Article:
Two orca in Waitemata Harbour.

A rare sighting of two young orca

Stories about the value of the sea for kaimoana and a coastal cave for waka transport were also shared as we continued our walk around the base of the maunga. This highlighted to these future leaders why we all need to treasure our marine environment and encouraged them to take action like beach clean-ups and preventing litter and waste getting into the sea.

At lunchtime we took part in an afternoon workshop with the group that was designed to help DOC learn more about what makes conservation tick for young people, how to better engage with youth in their communities and what support DOC could provide for their conservation efforts. In small groups the students shared their ideas and expressed some valuable insights.

Based on their own feelings, opinions and experiences, the group came up with a range of ideas that they believed would help to develop their peers’ interest in conservation—ranging from making conservation fun and ‘easier’ to do with groups of friends, to including incentives such as food, competitions, prizes, and music.

Students cleaning up the harakeke/flax bushes.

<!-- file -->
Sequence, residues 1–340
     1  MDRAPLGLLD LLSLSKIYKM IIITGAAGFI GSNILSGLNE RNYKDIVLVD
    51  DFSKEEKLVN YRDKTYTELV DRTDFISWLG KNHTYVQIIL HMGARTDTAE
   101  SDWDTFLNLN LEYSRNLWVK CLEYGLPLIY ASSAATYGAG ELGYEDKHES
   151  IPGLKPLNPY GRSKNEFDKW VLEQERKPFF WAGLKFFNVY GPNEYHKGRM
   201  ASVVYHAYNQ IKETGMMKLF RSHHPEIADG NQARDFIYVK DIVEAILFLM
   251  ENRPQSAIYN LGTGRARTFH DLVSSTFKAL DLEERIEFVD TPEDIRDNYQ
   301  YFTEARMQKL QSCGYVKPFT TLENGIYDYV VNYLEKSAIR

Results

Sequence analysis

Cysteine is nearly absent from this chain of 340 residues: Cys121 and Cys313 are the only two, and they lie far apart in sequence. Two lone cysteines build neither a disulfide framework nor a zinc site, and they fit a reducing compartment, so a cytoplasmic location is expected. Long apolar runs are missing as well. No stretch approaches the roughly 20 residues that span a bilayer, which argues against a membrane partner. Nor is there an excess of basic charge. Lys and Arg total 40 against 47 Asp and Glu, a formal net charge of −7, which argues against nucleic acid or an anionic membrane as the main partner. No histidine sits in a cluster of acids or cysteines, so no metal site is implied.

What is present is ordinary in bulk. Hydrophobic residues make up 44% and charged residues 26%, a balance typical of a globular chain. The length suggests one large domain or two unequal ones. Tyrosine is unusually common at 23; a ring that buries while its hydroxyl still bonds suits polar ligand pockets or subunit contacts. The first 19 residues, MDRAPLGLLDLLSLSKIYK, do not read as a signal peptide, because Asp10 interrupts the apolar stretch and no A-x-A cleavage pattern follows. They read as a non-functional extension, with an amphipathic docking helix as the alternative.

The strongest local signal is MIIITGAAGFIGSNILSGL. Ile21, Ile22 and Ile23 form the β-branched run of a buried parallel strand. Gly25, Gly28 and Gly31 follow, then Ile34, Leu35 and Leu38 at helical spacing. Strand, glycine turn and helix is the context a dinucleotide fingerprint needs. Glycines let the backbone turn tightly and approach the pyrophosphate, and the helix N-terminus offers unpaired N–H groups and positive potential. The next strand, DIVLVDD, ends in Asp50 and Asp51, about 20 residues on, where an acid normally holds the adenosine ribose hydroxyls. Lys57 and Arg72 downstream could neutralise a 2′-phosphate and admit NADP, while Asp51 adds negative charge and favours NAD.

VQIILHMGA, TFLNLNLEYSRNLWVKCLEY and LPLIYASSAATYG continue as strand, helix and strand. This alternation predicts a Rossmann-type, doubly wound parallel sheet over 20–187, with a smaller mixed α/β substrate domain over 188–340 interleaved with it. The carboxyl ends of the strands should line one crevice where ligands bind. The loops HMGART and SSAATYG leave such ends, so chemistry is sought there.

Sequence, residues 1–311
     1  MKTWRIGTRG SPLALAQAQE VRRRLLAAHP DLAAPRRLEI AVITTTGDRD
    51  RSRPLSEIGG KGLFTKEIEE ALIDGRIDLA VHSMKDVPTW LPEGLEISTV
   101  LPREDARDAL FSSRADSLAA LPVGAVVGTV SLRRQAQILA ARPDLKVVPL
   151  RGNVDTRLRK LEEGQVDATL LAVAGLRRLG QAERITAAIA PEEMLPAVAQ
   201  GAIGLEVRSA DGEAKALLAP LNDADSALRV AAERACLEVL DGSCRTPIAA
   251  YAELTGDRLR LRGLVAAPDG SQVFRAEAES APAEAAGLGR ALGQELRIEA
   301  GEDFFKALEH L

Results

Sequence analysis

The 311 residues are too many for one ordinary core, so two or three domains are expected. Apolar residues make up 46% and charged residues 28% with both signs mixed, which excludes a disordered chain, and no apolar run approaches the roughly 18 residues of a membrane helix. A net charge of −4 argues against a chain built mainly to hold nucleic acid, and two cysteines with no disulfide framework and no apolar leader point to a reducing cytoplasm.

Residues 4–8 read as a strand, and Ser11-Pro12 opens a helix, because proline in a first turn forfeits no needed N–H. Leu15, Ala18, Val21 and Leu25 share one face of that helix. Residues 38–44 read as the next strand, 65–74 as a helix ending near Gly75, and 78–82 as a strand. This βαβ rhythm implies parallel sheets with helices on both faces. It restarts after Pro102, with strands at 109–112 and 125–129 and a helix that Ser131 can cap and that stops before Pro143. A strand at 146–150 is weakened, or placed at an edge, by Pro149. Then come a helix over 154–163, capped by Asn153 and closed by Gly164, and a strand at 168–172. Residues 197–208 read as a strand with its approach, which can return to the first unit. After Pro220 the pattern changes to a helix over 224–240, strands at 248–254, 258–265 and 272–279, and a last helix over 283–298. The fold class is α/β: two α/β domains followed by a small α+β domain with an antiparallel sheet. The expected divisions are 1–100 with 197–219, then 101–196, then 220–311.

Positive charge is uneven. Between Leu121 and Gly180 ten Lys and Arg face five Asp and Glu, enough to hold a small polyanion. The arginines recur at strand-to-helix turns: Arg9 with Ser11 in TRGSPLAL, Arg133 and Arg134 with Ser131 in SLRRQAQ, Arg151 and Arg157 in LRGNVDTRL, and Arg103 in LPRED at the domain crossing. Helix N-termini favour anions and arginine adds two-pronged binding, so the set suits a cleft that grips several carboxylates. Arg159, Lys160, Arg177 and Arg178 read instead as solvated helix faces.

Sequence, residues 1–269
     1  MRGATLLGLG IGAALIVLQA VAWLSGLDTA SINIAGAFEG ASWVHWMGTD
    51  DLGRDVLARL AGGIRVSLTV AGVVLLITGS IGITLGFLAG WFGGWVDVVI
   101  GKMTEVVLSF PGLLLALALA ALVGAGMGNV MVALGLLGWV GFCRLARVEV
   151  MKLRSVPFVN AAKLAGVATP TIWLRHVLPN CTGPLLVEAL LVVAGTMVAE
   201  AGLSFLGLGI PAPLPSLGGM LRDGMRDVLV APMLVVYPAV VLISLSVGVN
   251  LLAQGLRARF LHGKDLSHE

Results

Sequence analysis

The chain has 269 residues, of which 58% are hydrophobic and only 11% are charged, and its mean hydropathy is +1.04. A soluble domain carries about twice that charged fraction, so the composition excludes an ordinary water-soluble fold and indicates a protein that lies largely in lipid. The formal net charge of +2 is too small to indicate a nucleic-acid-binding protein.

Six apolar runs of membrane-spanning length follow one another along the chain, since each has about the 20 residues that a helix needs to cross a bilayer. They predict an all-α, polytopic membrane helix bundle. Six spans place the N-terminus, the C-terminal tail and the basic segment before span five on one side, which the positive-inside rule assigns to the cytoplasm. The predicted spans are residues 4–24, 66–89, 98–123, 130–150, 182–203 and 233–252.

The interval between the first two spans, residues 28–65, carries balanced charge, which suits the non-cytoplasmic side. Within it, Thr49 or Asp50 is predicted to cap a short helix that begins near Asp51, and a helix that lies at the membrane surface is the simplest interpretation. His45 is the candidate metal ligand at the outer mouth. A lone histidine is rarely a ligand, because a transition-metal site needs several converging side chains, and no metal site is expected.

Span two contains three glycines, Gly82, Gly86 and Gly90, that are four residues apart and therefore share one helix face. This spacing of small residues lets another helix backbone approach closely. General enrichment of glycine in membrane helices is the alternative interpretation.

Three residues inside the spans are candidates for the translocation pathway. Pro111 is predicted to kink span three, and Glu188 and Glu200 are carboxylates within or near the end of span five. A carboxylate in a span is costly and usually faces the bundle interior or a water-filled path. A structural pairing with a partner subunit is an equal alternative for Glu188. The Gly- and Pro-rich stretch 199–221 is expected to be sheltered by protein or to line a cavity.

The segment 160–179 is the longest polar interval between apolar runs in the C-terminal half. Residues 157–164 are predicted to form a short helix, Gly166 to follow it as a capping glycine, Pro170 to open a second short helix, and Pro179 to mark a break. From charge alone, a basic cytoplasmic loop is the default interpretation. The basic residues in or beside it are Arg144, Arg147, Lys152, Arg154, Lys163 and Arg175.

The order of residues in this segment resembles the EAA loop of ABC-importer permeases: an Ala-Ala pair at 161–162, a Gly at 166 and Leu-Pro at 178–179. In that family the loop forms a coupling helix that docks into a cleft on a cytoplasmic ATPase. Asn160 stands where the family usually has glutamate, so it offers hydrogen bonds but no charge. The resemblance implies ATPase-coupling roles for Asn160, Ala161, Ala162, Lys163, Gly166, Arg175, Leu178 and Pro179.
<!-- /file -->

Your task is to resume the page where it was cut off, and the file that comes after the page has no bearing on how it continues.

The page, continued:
Conservation work is ‘easier’ with a group of friends

We are looking forward to meeting these students again and supporting their efforts to engage with conservation on a stronger footing and in particular, assisting their involvement in the restoration of a wetland habitat in the Wattle Farm Reserve near the school.

Come behind the scenes and into the jobs, the challenges, the highlights, and the personalities of the people who work at the Department of Conservation (DOC).

Today we profile Oliver Knox, Visitor and Historic Assets Ranger in the Kauri Coast Area Office.

Oliver Knox on Six Foot Track in the Waima Ranges.

Walking up the Six Foot Track towards Framptons Hut in the Waima Ranges

At work

Some things I do in my job include… track and structure maintenance and inspections, developing signage installations, contract management, fire fighting, and being part of the Strategic Iwi Group for Northland.

The best bit about my job is… working alongside the awesome and passionate people that are involved in conservation, and being able to work outdoors in the New Zealand landscape.

Oliver Knox performing music on his guitar.

Performing at the Aratapu Tavern